With partisan bickering, government shutdowns (threatened and actual) and approval ratings at all-time lows, the headlines coming from Capitol Hill in recent years are a little lacking in the feel-good department. But are the bad vibes at the federal level encouraging more interest at the lower levels – or is it bad advertising all around for the public sector?
So far, the effect hasn’t seemed to dampen interest in the public workforce and, for some, the bad PR at the federal level has actually made people prouder of their local governments.
“It’s kind of even more inspiring,” says Ben Stango, a member of the civic organization Young Involved Philadelphia. “It was like -- we get stuff done on the local level and they’re not on the national level.”
Stango has worked in the mayor’s office of community services and now works at the United Way of Greater Philadelphia and Southern New Jersey. But he says he wants to return to public service and the repeated stalemates at the federal level have not dissuaded him.
“For us, what [the shutdown] did was to recapture the focus on the local work that’s really tangible and that really matters in a way that the national stuff only rarely touches,” Stango says of YIP’s response.
Sarah Cherenack, a public policy graduate student at the George Washington University, said the climate at the federal level hasn’t discouraged her from her goal of working in public service. But when her current workplace, the United States Holocaust Memorial Museum, closed during the 16-day shutdown last month, it did plant a seed.
“I think the insecurity factor has opened me up more to the idea of working as a contractor,” she said. But government is still her first choice. “I’m from New Jersey so I definitely have a lot of pride in my home state. So the idea of going back and working at the state level is interesting to me.”
Fellow student Juan Rodriguez said he thinks the shutdown only made the local level of government more appealing, noting that partisan politics “have destroyed the ability to reach across party lines to achieve results for the general public.”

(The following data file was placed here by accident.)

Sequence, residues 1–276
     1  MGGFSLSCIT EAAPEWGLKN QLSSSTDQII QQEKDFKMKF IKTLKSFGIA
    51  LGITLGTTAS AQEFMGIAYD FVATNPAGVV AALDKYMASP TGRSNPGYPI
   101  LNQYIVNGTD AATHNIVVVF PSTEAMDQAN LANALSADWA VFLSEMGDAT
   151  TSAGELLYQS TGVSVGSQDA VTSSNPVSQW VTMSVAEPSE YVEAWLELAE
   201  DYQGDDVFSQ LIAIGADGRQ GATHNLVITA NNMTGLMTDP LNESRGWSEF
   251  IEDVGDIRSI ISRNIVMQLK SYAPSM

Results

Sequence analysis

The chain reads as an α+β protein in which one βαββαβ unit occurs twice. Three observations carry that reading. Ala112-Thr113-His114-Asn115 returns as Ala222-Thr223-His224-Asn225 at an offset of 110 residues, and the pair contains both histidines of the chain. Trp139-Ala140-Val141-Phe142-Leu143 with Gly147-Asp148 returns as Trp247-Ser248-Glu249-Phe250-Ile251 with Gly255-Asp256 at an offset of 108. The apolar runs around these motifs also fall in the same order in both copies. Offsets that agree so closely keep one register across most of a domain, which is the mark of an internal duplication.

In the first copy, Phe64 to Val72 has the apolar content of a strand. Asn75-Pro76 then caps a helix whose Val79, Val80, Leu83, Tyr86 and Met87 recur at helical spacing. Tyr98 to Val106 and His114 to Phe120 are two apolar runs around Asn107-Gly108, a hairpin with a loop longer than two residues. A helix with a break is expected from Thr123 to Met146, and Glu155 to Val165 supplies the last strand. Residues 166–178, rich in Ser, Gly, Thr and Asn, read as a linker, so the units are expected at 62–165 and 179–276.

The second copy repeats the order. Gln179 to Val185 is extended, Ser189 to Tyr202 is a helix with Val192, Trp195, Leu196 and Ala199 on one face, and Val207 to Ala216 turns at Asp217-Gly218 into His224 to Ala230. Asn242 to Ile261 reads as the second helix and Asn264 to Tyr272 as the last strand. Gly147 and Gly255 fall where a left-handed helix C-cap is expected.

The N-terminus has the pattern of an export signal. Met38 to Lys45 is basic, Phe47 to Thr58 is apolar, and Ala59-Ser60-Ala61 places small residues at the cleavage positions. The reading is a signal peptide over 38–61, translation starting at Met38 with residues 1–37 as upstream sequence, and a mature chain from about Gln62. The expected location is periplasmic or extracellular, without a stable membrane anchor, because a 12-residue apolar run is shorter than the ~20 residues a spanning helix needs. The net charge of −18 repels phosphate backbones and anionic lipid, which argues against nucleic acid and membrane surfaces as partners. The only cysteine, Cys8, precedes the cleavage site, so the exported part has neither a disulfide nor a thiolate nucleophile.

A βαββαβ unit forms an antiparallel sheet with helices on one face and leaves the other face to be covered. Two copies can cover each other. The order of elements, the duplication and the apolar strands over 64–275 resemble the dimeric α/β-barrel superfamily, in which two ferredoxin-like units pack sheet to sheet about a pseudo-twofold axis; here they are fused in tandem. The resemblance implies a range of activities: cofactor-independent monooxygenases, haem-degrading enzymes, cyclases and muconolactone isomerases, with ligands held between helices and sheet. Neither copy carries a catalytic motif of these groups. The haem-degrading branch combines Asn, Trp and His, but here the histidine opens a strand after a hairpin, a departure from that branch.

Still, the unflattering view of national politicians – Congress’ approval rating hit an all-time low of 12 percent following the shutdown – has some worried that talented prospects will start looking elsewhere. The membership association Network of Schools of Public Policy, Affairs, and Administration has sounded alarm bells, saying the “reputation of public service is at stake for the next generation of public servants. Jim Nussle, former Office of Management and Budget Director, recently told the advocacy group Campaign to Fix the Debt: “We may have already lost a generation of public servants who were watching over the past three years and saying, ‘Forget it.’”
But the early returns appear to be less dire. Certainly, says Bill Adams, professor of Public Policy and Public Administration at GW’s Trachtenberg School, another election cycle of stalemates and uncertainty could begin taking its toll. In fact, the Trachtenberg School through its GW Battleground Poll, is expected this week to release the results of a survey conducted post-shutdown on the perception of working for the federal government.
Corey Hurwitz, CEO of Careers in Government, notes that the private sector hasn’t necessarily been a more attractive alternative as the economy as a whole has struggled to recover from the recession. After all, layoffs and hiring freezes have not been limited to governments.
Additionally, the job security and benefits that the public sector offers, particularly in providing stable retirement benefits to long-term workers, are also not to be discounted. But Adams says perhaps the strongest reason is that it takes a certain kind of person to be attracted to public service in the first place. Many students who are drawn to public policy are motivated by altruism.
“They’re looking for a job where they can help make the world a better place … and their motivation is really inspiring,” Adams says. “I don’t know that they are so easily deterred by that recognition that there will be challenges along the way.”